Several myths seem to abound in the field of e-learning. Assumptions such as "all the students will be motivated by it", "the students will work autonomously with it", "it will increase flexibility and reduce cost" are just a few of the views taken for granted in some quarters (these were set out more fully in TES Online, October 12 2001, Debunking the Myths).
Assumptions cannot be made and certain things will not work in moving towards e-learning. But there is growing evidence from research in this field that certain strategies will work and will enhance teaching and learning - just as certain tactics and strategies do work in face-to-face pedagogy.* Some of these involve course and curriculum design. For example, it is clearly a big mistake to simply put traditional, paper-based materials online and hope that they work in a virtual environment. Course design for e-learning can and should build "e-activities" into the curriculum - as an integral part, not as an add-on. These activities, which would encourage active learning, participation and collaboration, will become a feature of the course; an expectation, not an added option.
Course design of this sort would lead to the creation of a community - bringing people together online with a purpose. This can be achieved by including five different elements:
* Structure l Activity l Tutor presence * Flexibility l A range of tools At the start of any online course or module it's a very good idea to be clear and explicit about the structure and timetable for teaching and learning, with a statement of expectations. Students (and tutors) may be anxious to begin with, and this is quickly alleviated if the structure, and what is expected of everyone, is very clear in advance. This structure needs to be available online for consultation.
It also needs to be reflected in the design of the online teaching space (virtual learning environment or VLE) being used. For example, you might start out with an activity in which participants introduce themselves, and say something about their background, or why they want to do the course. The point is to get people talking so that they feel comfortable in the electronic environment, get to know the other participants and begin to feel that the space in which they are working is friendly.
To encourage this the learning environment should have an easy-to-find forum, discussion area or space that is dedicated to this activity. It must be secure so that participants can feel that only they will read the postings. The sense of community that is so essential to online work will then begin to develop. After this introductory phase, as the community begins to establish, more demanding academic work can be undertaken.
It is also important to have a "social space" in the learning environment. This is a place where participants may just drop in and relax with others on the course. It might be that some explicit ground rules need to be established for this, and that will depend on the group involved. Again, this has implications for the design of the environment. The social space should have a friendly, informal name that suits the group. We have used the names of Sheffield pubs but, again, this will depend on the profile of the group.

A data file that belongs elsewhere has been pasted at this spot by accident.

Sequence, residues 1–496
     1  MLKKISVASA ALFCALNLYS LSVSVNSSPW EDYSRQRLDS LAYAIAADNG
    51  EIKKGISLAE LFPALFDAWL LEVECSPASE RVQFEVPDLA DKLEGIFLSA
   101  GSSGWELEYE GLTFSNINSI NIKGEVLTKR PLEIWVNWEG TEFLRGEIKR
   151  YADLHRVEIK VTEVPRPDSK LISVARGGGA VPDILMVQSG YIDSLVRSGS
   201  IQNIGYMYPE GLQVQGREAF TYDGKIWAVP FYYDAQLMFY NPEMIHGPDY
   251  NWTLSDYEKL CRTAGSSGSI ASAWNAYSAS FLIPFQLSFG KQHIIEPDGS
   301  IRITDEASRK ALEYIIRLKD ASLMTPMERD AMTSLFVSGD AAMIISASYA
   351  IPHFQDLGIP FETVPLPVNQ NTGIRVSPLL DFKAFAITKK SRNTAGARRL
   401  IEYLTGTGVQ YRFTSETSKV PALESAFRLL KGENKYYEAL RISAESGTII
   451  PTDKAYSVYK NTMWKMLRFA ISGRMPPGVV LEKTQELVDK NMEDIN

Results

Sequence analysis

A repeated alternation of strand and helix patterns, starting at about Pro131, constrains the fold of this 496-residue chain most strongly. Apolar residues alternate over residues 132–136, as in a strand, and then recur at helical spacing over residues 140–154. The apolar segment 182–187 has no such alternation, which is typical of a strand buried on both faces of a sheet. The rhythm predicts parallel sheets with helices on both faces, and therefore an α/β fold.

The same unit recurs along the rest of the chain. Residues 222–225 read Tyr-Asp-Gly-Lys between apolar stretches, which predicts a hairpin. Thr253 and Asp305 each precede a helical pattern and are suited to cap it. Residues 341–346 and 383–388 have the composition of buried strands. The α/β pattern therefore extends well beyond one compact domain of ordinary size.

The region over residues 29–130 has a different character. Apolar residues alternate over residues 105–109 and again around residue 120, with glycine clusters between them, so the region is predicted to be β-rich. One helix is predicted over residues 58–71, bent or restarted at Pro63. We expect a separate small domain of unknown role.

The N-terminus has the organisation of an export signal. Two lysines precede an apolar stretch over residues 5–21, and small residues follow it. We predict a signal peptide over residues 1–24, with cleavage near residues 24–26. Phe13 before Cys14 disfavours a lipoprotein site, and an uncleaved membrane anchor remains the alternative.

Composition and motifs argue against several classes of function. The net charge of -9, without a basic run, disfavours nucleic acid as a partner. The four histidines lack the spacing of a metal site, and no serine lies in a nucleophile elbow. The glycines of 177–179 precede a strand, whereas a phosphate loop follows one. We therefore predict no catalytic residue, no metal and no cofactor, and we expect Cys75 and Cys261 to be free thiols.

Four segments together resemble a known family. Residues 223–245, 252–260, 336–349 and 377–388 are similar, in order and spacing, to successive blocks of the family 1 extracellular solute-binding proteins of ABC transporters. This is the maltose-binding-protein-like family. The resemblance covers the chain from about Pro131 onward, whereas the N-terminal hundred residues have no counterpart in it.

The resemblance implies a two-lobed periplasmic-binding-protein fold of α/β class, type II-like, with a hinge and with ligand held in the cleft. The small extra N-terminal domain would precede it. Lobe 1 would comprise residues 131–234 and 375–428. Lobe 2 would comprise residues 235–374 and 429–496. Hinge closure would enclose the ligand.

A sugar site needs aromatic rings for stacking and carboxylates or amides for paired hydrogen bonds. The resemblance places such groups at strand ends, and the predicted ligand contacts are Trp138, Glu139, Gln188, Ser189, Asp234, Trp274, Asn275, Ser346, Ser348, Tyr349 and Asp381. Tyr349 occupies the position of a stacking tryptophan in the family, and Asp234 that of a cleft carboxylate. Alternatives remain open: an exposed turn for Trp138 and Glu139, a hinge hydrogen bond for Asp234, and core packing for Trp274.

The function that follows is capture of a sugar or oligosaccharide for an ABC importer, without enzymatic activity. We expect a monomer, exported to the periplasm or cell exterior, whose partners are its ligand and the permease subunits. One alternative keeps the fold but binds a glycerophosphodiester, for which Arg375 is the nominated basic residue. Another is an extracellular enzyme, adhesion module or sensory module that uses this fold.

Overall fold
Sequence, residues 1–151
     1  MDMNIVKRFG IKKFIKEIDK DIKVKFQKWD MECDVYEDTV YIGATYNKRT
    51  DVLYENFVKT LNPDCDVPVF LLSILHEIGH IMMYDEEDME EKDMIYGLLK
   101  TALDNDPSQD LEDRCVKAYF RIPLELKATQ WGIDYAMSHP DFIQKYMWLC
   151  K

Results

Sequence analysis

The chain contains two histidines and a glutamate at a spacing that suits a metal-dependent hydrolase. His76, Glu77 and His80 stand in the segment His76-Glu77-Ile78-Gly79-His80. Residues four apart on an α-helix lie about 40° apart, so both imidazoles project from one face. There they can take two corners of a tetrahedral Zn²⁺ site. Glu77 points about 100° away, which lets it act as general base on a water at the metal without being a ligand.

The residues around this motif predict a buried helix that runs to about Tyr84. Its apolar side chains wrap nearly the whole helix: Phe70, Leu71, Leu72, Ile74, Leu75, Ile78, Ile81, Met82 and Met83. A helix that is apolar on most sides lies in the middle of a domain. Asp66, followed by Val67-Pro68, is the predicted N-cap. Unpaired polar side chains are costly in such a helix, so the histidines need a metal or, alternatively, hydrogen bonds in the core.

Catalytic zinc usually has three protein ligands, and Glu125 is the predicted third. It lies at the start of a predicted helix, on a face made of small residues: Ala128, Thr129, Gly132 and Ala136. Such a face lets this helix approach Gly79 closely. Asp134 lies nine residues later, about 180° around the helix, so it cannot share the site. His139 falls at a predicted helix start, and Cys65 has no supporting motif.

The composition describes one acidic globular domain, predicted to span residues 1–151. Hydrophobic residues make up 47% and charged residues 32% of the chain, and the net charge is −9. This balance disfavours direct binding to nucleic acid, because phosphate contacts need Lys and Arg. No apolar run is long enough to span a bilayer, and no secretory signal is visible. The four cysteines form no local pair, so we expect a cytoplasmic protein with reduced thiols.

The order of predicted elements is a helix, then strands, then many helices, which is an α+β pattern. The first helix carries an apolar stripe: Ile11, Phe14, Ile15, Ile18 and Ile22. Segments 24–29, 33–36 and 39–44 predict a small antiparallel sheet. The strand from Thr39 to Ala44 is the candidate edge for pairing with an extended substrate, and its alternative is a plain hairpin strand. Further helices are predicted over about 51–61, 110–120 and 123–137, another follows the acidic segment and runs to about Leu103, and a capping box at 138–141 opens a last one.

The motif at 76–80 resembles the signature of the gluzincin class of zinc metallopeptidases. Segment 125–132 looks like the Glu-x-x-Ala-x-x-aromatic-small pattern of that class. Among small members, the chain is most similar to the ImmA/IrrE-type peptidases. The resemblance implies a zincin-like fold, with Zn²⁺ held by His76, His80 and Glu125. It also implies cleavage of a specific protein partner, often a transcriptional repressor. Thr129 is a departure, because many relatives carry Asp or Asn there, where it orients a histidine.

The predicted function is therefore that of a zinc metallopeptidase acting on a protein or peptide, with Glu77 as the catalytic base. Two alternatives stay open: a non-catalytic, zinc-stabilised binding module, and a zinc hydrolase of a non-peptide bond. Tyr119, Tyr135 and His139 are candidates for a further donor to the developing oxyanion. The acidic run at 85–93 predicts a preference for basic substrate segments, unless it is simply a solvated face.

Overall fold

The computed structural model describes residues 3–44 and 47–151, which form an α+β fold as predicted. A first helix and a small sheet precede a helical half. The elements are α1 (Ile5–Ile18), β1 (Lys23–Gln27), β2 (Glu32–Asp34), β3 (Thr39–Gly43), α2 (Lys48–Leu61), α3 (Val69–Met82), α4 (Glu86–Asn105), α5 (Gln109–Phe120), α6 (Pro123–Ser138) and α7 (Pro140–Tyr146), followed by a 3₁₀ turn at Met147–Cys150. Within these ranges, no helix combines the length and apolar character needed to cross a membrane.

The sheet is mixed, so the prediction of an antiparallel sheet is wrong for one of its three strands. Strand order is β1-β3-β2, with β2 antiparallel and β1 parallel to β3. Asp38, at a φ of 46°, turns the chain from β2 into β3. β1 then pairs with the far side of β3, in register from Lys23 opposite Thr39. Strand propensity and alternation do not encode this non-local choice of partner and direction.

The presence of the tutor is another important factor in helping an electronic learning community to become established. Ideally there should be plenty of tutor presence during the early part of an activity - say the first 10 days of a six-week module. During the middle phase the tutor might step back as the group becomes more confident, but still keep an eye on things.
Then, as the activity concludes, her presence will be required again to draw things together and ensure that everything is completed. Tutor dominance in a group will seriously reduce the participation of other student members. However, a lack of tutor presence, especially in the early phase of an activity, may lead to the failure of the learning community to become established.
A range of e-tools can be used to support e-learning. Discussion can be in real time (synchronous, commonly called "chat") or out of real time (asynchronous, as occurs in email and bulletin boards). Both have their place. Asynchronous discussion can be great for developing a set of ideas over weeks or months of a course - a dissertation for example. Decisions are more easily made in real-time chat.
These e-tools also provide facilities that wouldn't be available in a face-to-face situation. For example, in a real-time chat seminar the tutor can hold conversations with the whole group while simultaneously chatting to individuals in the group, supporting their difficulties and encouraging their participation. This can raise the overall level of participation, and the quality of dialogue in the group during a chat session.
Developing these aspects of learning and teaching so that e-learning is a success thus involves a mixture of course design issues and pedagogical issues. The two go together, just as they do in face-to-face teaching. Successful e-learning will involve a combination of group activities, structure, stimuli, cajoling by tutors and peers, and giving people a purpose or a reason to go online - this combination of "arm twisters" and "carrots" is exactly analogous to the strategies which are needed in more traditional teaching situations.
Vic Lally and Jerry Wellington both work in the School of Education at the University of Sheffield * See Lally, VE, amp; Barrett, E (1999), Building a Learning Community Online: Towards Socio-academic Interaction, Research Papers in Education, 14 (2), 147-163 and Barrett, E, amp; Lally, VE (1999). Gender Differences In An Online Learning Environment. Journal of Computer Assisted Learning, 15,48-60